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ent quantity of milk, and a small piece of butter, until the beverage assumes a chocolate colour, which it receives from the colouring matter of the husks. The liquor should be then strained through gauze, sweetened till palatable, and brought to table for use. I have drank it thus made, except that it was unstrained; and though I could perceive no taste resembling chocolate, yet it was a beverage quite savoury and pleasant. To make four pints of a pleasant, nutritious, and, I presume, a wholesome beverage, to serve as an economical article of diet, in lieu of chocolate, tea, or coffee, the expense may be calculated as follows, viz. cents. For 4 oz. of the chocolate-meal (or flour made from the seed of the Holcus bicolor, at 5cts. per lb.) 14 23 ditto of sugar, at 16 cts. per b. 23 1 ditto of butter, at 20 cts. per lb. 14

1 pint of milk, at . . . . . . 3 3 pints of water . . . . . . 0 8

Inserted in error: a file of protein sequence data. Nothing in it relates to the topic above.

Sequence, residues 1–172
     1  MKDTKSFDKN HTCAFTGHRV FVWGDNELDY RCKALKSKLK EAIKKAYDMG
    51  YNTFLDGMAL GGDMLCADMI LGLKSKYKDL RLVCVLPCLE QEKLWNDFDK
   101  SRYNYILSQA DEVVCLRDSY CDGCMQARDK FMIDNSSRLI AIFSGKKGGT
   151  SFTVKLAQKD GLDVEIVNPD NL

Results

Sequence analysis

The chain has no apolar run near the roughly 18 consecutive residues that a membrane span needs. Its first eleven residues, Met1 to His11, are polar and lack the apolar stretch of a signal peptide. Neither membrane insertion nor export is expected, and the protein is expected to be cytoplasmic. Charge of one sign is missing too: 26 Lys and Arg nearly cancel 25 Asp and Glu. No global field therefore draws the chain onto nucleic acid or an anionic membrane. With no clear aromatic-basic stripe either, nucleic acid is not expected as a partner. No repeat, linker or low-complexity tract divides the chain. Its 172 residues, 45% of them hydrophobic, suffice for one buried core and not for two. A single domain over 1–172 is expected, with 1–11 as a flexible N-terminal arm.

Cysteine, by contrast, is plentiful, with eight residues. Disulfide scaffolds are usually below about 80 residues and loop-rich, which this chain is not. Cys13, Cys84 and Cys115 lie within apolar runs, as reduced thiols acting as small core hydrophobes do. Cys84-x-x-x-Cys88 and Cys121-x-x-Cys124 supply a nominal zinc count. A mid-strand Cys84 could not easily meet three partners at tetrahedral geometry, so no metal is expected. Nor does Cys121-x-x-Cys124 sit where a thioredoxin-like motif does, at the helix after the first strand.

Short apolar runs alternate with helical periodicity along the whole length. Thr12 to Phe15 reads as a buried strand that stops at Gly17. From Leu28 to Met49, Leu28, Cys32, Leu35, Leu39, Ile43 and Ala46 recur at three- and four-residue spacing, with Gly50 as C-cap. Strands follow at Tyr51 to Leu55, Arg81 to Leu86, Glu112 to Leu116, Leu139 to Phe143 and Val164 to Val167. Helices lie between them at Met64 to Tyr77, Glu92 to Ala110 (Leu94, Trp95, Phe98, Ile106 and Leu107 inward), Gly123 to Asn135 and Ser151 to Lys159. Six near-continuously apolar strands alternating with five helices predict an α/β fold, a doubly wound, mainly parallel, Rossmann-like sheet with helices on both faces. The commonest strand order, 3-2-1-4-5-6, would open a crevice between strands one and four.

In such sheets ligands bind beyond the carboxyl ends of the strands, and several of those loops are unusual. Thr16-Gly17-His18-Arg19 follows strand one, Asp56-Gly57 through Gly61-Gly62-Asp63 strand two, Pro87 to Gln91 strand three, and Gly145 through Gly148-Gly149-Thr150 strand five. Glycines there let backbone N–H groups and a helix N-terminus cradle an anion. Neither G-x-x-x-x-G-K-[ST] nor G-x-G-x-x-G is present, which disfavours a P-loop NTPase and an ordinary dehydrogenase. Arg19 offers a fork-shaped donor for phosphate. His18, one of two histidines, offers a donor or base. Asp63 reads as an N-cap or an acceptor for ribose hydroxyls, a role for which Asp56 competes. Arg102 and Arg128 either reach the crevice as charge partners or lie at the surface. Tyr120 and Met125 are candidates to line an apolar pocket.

The proportions of the several articles here mentioned are to be boiled together, and in such quantities as may be required. When sufficiently boiled, and just before it is taken from the fire, the butter is to be well stirred up with the boiling liquor—it is then fit for use. The proportions of the materials may be varied, so as to suit different palates ; but the above are agreeable to the directions given to Mr. William Barton, by the person who furnished him with the seed.—“In makin the experiment with the Holcus in my family,” says Mr. Barton; “the seed were ground in a common coffee-mill; but as they could not be ground fine enough in this way, nor their farina be sufficiently disengaged from its integument or husk, too much of a coarse bran was deposited in the liquor, after boiling. The kind of grinding performed by the trituration of mill-stones would make a better meal; and I should much prefer bolting it, after being ground in a proper corn-mill, to straining the liquor when boiled, in order to separate the coarsest of the bran from §. of the seed.” The plant in question resembles common broom corn very much. It is eight or ten feet in height—is an annual, of rapid wth—and requires no particular care in its cultivation. The leaves are long, channelled, nerved, and sheathing the stem. The fruit, and, of course, the inflorescence, which I have not seen, is borne in a terminal, close and compact panicle, of an oblong-ovate form; in this